Can The Rock actually act?
Snitch is his most impressive "acting" performance yet, if you consider acting incapable of existing in shoot-'em-ups or in movies titled Tooth Fairy. As divorced-and-remarried construction kingpin John Matthews, Johnson emotes one characteristic that was absent from his 20 other film roles: Vulnerability.
See, John's son Jason (Rafi Gavron) is a wussy idiot. He lets his freeloading drug dealer friend send a box full of ecstasy pills to his house and he promptly gets busted by a very efficient DEA team led by a skinny-ZZ Top-bearded Barry Pepper. Jason has to serve the mandatory minimum for narcotic distribution -- 10 years. It's almost as unfair as the film constantly points out it is.
Since Jason doesn't know anyone else to squeal on to the U.S. Attorney (an oily Susan Sarandon) to reduce his sentence, John volunteers to do it himself. With the help of his ex-con employee Daniel (The Walking Dead's Jon Bernthal), John slowly integrates himself into the drug world. Their relationship is very much an undercover Breaking Bad analog, with John as the apprehensive, yet determined Walter White and Daniel as the streetwise (if much more two-dimensional) Jesse Pinkman.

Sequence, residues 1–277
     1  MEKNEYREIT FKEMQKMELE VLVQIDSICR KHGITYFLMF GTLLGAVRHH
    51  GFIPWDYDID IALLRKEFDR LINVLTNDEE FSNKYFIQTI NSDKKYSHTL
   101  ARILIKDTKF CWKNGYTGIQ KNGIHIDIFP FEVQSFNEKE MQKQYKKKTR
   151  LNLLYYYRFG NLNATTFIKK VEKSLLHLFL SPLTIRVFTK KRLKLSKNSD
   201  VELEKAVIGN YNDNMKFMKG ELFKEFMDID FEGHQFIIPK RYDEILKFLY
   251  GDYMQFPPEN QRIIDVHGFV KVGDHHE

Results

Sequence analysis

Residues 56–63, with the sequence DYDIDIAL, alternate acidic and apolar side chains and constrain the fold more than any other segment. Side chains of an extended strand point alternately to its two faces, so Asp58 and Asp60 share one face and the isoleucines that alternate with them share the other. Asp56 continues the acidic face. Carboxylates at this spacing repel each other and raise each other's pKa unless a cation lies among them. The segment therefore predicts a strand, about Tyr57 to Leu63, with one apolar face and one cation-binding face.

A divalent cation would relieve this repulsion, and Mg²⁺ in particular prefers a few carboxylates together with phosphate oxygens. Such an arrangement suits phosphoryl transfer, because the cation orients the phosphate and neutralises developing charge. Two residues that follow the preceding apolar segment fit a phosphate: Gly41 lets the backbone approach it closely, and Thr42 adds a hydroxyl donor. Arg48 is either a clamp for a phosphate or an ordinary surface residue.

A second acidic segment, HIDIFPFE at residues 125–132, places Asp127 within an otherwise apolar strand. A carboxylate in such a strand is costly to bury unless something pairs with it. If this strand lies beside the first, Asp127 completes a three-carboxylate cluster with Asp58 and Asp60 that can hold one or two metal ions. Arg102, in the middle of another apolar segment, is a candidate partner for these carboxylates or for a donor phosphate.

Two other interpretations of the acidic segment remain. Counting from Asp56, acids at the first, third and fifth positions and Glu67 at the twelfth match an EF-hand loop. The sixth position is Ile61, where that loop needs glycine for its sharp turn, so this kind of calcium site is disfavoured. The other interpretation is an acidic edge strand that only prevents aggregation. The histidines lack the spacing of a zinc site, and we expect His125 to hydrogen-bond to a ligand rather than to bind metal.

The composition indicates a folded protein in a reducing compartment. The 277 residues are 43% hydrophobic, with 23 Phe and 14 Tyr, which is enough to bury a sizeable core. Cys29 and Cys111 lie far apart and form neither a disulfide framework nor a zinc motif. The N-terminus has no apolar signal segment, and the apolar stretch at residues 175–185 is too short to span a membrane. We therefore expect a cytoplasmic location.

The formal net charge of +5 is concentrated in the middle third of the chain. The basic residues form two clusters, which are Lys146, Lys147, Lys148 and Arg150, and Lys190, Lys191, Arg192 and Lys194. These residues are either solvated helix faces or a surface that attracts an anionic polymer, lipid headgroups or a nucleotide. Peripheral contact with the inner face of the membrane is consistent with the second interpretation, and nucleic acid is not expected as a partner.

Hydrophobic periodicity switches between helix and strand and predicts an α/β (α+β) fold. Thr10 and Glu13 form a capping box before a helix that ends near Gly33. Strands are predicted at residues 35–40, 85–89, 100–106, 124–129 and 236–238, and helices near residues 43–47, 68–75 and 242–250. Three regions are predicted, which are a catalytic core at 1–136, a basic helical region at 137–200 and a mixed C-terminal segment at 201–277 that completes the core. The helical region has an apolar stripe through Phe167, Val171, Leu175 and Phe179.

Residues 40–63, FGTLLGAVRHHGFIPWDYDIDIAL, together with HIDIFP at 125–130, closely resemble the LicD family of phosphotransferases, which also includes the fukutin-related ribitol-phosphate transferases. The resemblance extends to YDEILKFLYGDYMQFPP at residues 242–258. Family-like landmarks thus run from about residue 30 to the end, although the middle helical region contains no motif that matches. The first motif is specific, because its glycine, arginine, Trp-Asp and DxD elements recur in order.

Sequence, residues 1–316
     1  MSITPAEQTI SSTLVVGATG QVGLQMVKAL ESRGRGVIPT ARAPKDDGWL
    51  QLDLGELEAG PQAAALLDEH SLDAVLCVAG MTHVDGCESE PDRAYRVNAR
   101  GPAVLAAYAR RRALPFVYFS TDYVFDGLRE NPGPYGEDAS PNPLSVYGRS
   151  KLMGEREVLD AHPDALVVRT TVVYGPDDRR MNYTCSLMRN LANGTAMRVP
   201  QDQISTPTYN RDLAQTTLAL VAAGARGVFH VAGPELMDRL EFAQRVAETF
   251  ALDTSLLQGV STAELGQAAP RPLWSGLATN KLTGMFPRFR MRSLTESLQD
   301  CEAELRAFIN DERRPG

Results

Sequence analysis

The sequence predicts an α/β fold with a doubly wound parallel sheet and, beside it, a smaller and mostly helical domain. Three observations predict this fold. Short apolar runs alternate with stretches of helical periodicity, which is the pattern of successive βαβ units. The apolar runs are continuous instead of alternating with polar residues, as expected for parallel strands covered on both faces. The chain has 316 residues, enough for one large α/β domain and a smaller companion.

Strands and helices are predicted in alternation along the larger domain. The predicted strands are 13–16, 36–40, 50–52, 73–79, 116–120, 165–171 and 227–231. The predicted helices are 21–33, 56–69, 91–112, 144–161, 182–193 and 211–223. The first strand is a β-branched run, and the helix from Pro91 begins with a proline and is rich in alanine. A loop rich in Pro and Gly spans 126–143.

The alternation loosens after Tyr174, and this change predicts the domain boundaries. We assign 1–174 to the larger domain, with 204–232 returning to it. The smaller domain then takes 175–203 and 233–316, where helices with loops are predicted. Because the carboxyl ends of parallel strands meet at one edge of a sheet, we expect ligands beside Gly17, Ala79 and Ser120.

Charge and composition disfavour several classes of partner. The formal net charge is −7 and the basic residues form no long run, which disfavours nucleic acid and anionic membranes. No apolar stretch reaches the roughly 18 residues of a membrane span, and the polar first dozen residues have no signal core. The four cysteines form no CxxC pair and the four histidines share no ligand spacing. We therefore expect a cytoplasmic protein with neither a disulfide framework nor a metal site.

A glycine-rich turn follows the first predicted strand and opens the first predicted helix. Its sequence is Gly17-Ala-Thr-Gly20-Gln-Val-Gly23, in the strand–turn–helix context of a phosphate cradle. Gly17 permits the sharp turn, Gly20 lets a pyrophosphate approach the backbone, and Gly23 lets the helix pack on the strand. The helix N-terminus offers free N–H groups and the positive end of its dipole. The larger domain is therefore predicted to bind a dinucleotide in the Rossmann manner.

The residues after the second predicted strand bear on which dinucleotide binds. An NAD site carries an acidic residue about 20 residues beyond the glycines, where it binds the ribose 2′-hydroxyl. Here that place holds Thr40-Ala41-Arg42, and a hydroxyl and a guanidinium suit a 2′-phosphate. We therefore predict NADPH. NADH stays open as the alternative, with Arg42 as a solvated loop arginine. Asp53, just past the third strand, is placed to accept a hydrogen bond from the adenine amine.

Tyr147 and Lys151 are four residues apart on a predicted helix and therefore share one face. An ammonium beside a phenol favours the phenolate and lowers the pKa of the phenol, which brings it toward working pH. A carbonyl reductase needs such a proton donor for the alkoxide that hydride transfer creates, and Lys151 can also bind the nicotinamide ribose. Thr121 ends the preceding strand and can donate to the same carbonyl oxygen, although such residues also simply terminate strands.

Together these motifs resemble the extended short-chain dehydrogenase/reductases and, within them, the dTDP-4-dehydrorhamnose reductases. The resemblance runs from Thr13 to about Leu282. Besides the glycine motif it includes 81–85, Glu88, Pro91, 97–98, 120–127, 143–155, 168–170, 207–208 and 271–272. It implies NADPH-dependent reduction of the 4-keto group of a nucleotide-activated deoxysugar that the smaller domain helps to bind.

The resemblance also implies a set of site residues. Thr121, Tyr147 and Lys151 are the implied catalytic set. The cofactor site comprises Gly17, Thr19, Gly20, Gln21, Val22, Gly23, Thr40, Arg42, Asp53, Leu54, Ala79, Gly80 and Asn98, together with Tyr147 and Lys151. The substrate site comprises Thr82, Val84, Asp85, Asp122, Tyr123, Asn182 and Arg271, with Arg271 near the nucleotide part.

It's the fear of John that actually makes the movie interesting. His first attempt is to drive down to the local drug corner and blatantly ask for some coke. In the ensuing confrontation, he doesn't pummel a few guys at once -- for the first time in his movie career (and probably his life), The Rock gets manhandled and left bleeding in the streets. His character is never in control throughout the entire movie; he's not an action hero, just a regular one ... at least until the very, very end when he's shotgunning thugs out of his truck window.
With basically no action for at least the first hour, director Ric Roman Waugh has to make the film somewhat interesting. Thankfully, he figured out what far too few directors realize: Michael K. Williams always makes everything better. When Williams first appears as low-level dealer Malik while sitting at a table with a gun in front of him and that snarl on his face, more than a few fans of The Wire breathed an excited chuckle at his presence in the movie. Later on, he has to cede his screen time to Benjamin Bratt, who plays a Mexican drug player with some fancy gadgets and not much else, and whose eventual downfall never totally makes sense.
In fact, most of the last half hour doesn't make any sense, doing its best to wipe away the "Inspired By True Events" disclaimer at the beginning. Overall, it's a heavy-handed and mediocre film. But for The Rock's career, it's a worthy step in the right direction.
Rated PG-13 for drug content and sequences of violence.
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